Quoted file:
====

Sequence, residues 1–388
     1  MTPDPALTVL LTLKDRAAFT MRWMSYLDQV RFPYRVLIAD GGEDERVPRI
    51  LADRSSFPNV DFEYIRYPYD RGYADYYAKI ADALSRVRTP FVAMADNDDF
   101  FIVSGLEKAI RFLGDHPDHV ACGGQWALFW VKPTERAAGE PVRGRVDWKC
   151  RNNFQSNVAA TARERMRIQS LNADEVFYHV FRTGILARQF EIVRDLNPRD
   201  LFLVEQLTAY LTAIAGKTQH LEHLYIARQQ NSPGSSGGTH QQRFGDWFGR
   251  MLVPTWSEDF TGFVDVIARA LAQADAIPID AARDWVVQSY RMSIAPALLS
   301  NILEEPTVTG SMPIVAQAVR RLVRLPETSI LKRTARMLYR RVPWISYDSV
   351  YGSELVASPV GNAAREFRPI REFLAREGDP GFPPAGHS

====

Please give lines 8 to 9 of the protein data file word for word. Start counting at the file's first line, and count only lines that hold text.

   301  NILEEPTVTG SMPIVAQAVR RLVRLPETSI LKRTARMLYR RVPWISYDSV
   351  YGSELVASPV GNAAREFRPI REFLAREGDP GFPPAGHS